In the right branch of the Porta Reale ditch, there were forty huts, of which nine were of a “large” size, and in the left one, there were fifty huts ten of which were of a “large” dimension. In the Fosso Trepunti there were five of “ordinary” size and five “large” ones; the ditch of Notre Dame contained twenty-eight huts; and that of Sant’Anna Gate thirty-six of “ordinary” and seven of “large” size. Other huts were erected in the enclosure of the Saltpetre Magazine (recinto della salnitriera) and at Marsamxett. [7] By the end of June 1813, one hundred and two huts were set up in the ditch of the Crown Works outside Porte des Bombes. Wooden partitions were put up at the end of this ditch apparently to prevent communication with persons isolated in this area. Identical huts were erected at Ta Xbiex (thirty of them), in the ditch of Fort Manoel (sixty-five), Bichi promontory (sixty-four); at Birkirkara, Qormi and Żebbuġ; and outside Birgu at Salvatore Gate and the Fortini. A temporary hospital of fifty-nine baracche was opened at Santa Venera in September. [8]

            Huts were raised to serve other purposes then habitations. They provided:- (a) Guard rooms for the soldiers of the Corps of Maltese Veterans as at St. Ursola Street, Wells Street, underneath the loggia in front of the National Malta Library and near St. John’s Church in Valletta; and in Piazza San Calcidonio at Floriana; (b) stalls for a market at Porta Nuova in the Grand Harbour; (c) an abattoir for the accommodation of the butchers on the water-front beneath the Capuchin Convent; (d) offices, in the same area, for the employees of the “post office that distributes letters to the interior” of the island; and for the Sanitary Deputies; (e) temporary magazine for the storage of fodder and grain and for sheltering transport animals in the ditch of Trepunti; (f) a grocery [p.59] shop in the Crown Works ditch; and (g) eight privies provided with “boxes” for the collection of excreta. [9]

The baracche in the Ex-voto

In the ex-voto the baracche are grouped in three clusters:- (a) Four of them are ranged in the middle distance stretching from the centre of the painting along a slightly curved line towards the left margin of the picture. They are placed at an appreciable distance from one another in contrast to the other baracche which are closer to one another. We know that a number of huts were reserved for the reception of patients suffering from plague forming the so-called pest-hospital (ospedale di peste). The four baracche here shown may well be meant to represent this hospital. Each of them is guarded by a soldier to prevent communication between the sick inside the huts and the rest of the people.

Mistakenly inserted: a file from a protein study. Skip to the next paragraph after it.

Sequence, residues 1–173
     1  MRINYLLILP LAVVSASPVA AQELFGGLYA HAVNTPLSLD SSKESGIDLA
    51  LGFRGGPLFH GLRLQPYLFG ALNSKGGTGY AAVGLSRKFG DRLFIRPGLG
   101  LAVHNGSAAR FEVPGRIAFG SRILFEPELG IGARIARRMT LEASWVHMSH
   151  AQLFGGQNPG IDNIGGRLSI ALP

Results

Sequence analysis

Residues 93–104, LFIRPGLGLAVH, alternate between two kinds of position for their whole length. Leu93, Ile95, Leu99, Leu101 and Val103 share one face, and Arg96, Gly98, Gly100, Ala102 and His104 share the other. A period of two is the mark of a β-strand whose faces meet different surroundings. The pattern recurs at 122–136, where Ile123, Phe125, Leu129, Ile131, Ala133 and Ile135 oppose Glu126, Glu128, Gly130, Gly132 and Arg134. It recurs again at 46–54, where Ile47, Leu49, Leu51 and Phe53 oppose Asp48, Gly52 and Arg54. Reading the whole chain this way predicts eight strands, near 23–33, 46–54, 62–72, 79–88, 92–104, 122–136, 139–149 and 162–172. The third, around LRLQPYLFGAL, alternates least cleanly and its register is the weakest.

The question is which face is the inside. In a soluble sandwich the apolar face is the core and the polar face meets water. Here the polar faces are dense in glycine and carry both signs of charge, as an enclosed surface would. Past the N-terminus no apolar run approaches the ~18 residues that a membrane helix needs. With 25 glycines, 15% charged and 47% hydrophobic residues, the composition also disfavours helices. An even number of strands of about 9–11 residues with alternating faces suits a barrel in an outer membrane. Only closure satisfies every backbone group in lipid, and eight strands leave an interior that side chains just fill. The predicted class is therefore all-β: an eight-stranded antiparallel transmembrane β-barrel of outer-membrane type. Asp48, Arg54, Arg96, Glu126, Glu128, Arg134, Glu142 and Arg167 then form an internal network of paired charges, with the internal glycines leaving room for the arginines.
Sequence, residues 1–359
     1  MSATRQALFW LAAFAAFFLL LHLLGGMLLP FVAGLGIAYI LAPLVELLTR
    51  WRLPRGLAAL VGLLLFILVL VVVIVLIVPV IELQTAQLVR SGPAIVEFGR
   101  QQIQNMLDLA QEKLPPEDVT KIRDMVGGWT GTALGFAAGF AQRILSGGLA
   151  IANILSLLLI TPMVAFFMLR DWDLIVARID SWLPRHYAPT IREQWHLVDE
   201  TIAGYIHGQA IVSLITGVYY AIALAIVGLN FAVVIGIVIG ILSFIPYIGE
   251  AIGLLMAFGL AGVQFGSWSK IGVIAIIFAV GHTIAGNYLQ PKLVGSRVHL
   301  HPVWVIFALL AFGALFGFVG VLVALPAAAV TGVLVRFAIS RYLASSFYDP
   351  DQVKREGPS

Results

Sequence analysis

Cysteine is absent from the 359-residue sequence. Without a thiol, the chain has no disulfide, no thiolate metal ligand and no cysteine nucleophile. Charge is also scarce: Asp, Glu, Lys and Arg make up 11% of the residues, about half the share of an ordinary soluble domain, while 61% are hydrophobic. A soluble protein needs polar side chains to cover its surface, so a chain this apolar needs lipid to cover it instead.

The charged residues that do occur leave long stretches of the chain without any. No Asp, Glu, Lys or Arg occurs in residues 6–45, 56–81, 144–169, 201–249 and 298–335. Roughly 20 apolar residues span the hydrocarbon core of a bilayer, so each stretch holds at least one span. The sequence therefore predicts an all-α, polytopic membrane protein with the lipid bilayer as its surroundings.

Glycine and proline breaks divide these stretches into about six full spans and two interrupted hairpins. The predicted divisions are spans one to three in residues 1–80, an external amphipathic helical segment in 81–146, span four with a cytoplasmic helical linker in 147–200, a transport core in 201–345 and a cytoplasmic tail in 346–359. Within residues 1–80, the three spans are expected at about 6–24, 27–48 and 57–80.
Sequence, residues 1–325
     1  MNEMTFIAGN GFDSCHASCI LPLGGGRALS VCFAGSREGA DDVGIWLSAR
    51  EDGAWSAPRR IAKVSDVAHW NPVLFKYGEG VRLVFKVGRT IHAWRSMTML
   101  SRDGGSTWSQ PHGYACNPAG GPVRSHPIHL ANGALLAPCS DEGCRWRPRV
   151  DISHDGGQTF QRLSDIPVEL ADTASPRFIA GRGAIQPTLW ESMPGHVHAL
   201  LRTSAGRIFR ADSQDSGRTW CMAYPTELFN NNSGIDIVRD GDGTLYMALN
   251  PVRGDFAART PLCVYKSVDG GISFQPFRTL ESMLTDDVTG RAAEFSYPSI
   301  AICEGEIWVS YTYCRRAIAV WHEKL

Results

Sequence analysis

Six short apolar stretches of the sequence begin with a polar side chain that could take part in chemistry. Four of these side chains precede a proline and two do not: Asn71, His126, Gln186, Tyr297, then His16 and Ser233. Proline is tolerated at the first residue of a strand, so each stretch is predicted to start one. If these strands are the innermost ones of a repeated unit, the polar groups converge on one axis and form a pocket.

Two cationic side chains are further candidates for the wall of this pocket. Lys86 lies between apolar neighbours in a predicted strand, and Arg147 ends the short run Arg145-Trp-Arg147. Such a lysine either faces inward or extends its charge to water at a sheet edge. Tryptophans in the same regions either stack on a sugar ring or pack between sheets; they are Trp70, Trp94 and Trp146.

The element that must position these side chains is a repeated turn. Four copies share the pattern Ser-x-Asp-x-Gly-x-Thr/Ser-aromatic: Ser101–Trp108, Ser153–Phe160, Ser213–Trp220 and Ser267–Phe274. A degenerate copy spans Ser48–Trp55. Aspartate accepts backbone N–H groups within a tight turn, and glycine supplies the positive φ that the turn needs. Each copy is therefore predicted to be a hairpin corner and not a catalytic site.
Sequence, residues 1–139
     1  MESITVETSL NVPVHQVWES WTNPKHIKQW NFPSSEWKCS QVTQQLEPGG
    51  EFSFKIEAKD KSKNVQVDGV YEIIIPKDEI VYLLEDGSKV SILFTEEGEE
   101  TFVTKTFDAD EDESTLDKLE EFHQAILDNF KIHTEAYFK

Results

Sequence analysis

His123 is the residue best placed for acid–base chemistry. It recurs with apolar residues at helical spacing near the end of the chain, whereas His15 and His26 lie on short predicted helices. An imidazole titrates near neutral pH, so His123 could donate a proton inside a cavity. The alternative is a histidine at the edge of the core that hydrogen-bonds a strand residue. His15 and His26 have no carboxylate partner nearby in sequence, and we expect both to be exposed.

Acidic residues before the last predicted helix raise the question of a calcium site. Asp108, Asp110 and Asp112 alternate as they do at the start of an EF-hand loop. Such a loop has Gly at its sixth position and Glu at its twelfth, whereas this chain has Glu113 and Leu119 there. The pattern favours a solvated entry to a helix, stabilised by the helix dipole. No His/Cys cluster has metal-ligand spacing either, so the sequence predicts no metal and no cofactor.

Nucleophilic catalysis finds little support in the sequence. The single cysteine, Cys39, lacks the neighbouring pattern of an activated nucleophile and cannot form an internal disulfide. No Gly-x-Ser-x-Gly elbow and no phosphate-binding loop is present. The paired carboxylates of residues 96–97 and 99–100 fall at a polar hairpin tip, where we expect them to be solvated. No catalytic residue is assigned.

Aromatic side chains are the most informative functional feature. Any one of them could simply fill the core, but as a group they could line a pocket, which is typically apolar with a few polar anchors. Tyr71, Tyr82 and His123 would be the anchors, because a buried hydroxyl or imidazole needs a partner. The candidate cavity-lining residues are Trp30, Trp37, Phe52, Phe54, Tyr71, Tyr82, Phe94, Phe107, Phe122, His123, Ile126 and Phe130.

The occupants of these huts suffered considerably from the heat of a scorching sun. On the 10th August, however, a thunder storm unleashed a heavy downpour of rain which lasted for two hours and drenched them to the skin. Some of the huts collapsed giving rise to “confusion and panic” among the occupants.

            To the extreme left of the baracche just described, we can make out a priest wearing a black cassock and stole and holding a cross in his outstretched right hand as if in the act of blessing the person lying face upwards on the ground near him — possibly one of the plague-stricken patients who had just died and has been brought out of the pest hospital. [10]

(b) A second group — this time of five huts — occupies the lower corner in the right foreground. Here we see men and women moving about and communicating with one another without hindrance. They are, however, precluded from approaching the other groups by a sort of wall that reaches up to their waists or shoulders. A number of them are lined up in an orderly manner along the wall. Are they waiting in a kind of queue for the water-cart to fill the tub placed midway against the outside of the wall? These people in this section may be the so-called “suspects” i.e. persons who had been in close contact with plague-stricken relatives and who are being kept under surveillance or in quarantine until the incubation period of the disease has expired when they would be given pratique if no cases of plague [p.60] cropped up amongst them. There is, however, an ominous indication that the disease is already in their midst, for underneath the bastion to the extreme right of the painting there is the figure of a man stretched out helplessly on the ground — presumably a very recent casualty of the plague of whom the persons in his group have not yet become aware.